There are several methods of providing generic feedback:
For assignments, lab reports:
Incorporate holistic comments online or in-class
In summative situations where double marking procedures slow down the return of feedback, which might then be too late to be useful, you could put some generic feedback online more quickly for the whole class before grades are released.
For formative or two-stage assignments with drafts, you could pre-prepare a comment sheet or slide to discuss in class. Online options work here too, although it may also increase workload in providing office hours to discuss individual issues, whereas in class you can answer questions immediately.
For MCQ exams:
When giving exam feedback, collating a spreadsheet of marks and answers to show students can reduce the amount of time going through the exam question by question. Questions that the majority of the class have answered correctly can be ignored to focus on the more problematic questions. This can also serve the purpose of trialing exam questions.
Here is a simplistic example where only questions highlighted in red were discussed because they were problematic to most students in the cohort:
Exam analytics can be more easily done online through KEATS.
This does not work as well on more subjective short essay type questions however.
Go over exams and problem sheets in class (peer instruction)
An alternative to the teacher giving and explaining answers on practice or mid-term exams is for groups to peer-teach each other. The procedure can be similar to the two–stage exam where students go through answers and solve the questions in groups in class.
Answers can then be given on a sheet or slides by the teacher where students mark their own (or a partner’s) work. Any questions that whole groups did not understand can be addressed in plenary.
In order to counter cheating (if the exam is summative), it is still necessary for the teacher to go through the papers afterwards. It is better if this is done before.
Use a comments bank or pro-formas (click this link to see more information about how to do this through this resource)
How do I address potential challenges?
Do I need to make any modifications for accessibility/inclusivity? Can I build these into the design?
It reduces the emotional effect of negative feedback. You can pick out examples of mistakes (or good work) to show the class without referring to individual students.
Consider the usual modifications for visually impaired students by making online feedback sheets accessible.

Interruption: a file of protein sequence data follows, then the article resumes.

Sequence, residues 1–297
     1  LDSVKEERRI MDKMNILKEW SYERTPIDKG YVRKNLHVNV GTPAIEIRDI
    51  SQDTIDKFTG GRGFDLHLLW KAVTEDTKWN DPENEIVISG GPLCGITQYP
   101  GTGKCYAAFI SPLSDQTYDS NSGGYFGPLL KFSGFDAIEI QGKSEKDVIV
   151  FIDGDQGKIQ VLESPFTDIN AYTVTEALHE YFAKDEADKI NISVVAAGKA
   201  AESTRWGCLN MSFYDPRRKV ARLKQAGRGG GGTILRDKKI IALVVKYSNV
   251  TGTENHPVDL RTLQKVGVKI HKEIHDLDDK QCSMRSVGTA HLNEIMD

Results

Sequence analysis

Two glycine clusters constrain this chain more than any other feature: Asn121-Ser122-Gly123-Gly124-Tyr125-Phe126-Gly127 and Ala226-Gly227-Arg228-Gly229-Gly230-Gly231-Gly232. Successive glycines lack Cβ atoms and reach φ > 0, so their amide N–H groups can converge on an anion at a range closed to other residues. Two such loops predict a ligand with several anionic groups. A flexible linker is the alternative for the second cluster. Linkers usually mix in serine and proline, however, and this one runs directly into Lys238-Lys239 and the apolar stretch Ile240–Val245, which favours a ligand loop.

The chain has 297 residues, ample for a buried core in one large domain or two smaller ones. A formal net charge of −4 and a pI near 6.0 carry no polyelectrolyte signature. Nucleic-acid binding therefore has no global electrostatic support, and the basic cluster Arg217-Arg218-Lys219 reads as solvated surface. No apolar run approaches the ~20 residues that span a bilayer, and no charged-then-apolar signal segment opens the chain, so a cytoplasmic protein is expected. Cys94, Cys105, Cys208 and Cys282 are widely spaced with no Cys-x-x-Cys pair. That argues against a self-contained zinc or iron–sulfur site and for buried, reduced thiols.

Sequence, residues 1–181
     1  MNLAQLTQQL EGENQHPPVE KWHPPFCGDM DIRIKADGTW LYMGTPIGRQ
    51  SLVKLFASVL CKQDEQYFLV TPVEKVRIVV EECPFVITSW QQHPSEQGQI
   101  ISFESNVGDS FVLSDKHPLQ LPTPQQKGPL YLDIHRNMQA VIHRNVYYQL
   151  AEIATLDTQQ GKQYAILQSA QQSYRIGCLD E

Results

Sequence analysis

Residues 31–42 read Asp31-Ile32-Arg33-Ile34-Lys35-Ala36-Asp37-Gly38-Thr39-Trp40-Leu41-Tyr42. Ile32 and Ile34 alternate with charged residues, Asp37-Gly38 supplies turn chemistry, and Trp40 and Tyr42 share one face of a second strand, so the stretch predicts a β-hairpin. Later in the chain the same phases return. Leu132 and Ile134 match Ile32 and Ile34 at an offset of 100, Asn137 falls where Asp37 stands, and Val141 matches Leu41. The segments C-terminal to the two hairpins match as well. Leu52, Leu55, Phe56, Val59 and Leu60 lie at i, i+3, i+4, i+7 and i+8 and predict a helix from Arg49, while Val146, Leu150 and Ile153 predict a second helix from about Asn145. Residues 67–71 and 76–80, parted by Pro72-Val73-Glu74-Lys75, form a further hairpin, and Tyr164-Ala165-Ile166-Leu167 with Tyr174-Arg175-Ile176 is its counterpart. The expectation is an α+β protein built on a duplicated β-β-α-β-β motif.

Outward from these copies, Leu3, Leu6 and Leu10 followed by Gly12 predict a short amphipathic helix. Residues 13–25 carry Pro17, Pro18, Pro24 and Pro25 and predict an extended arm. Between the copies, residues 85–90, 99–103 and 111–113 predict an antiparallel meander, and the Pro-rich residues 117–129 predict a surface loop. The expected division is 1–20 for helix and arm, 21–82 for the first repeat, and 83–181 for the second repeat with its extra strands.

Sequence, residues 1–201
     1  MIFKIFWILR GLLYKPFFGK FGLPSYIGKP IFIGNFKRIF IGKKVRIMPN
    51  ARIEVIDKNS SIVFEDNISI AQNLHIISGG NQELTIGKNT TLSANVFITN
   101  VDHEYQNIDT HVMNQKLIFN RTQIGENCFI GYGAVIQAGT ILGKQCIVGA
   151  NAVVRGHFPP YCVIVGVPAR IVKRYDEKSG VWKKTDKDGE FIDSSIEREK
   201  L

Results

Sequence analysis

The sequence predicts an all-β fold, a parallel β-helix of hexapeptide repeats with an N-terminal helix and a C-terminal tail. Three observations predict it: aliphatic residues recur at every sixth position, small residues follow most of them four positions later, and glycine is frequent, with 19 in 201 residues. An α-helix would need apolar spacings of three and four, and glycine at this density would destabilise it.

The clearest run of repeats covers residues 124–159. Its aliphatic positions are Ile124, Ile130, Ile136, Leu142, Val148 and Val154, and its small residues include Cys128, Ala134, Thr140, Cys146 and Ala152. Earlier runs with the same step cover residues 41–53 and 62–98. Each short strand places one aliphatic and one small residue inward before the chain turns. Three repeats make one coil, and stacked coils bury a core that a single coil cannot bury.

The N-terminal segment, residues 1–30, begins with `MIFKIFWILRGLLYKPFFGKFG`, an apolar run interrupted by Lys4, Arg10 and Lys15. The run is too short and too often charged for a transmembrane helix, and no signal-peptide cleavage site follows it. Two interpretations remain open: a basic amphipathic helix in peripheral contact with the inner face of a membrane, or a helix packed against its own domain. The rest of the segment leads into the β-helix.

If students have extensions for assignments, you can delay feedback.
Do I need to make any modifications for large cohort sizes? Will it be time consuming to set up or mark? Is there anything I can do to modify it to address this?
The point of generic feedback is to reduce time and workload. However, assignments still need to be looked at and comments prepared to be useful to students. Look at the Giving effective written feedback resource for tips.
If students do not complete formative work, you can choose whether to deny them access to generic feedback in order to reduce complaints from those students who have done the work. For example, you can email the generic comment sheet to individuals rather than providing it online (although this increases admin time). Alternatively, you can inform students that everyone will receive feedback but it will benefit the ones how have done the work on time more.
How do I introduce it to students?
This might not be initially a popular method of giving feedback. According to NUS data, students prefer individual feedback to generic feedback. However, if generic feedback is not the only method of giving feedback, and is supplemented at various points in the module with individual and peer feedback, students are more likely to accept the trade-off of receiving personalised feedback for receiving it in a timely manner.
McArthur (2018) found that creating culture of trust between teachers and students is more important than the method of feedback. If generic feedback can show that teachers care and are interested in their students’ learning, it is preferable to ploughing through endless scripts only to provide less effective feedback.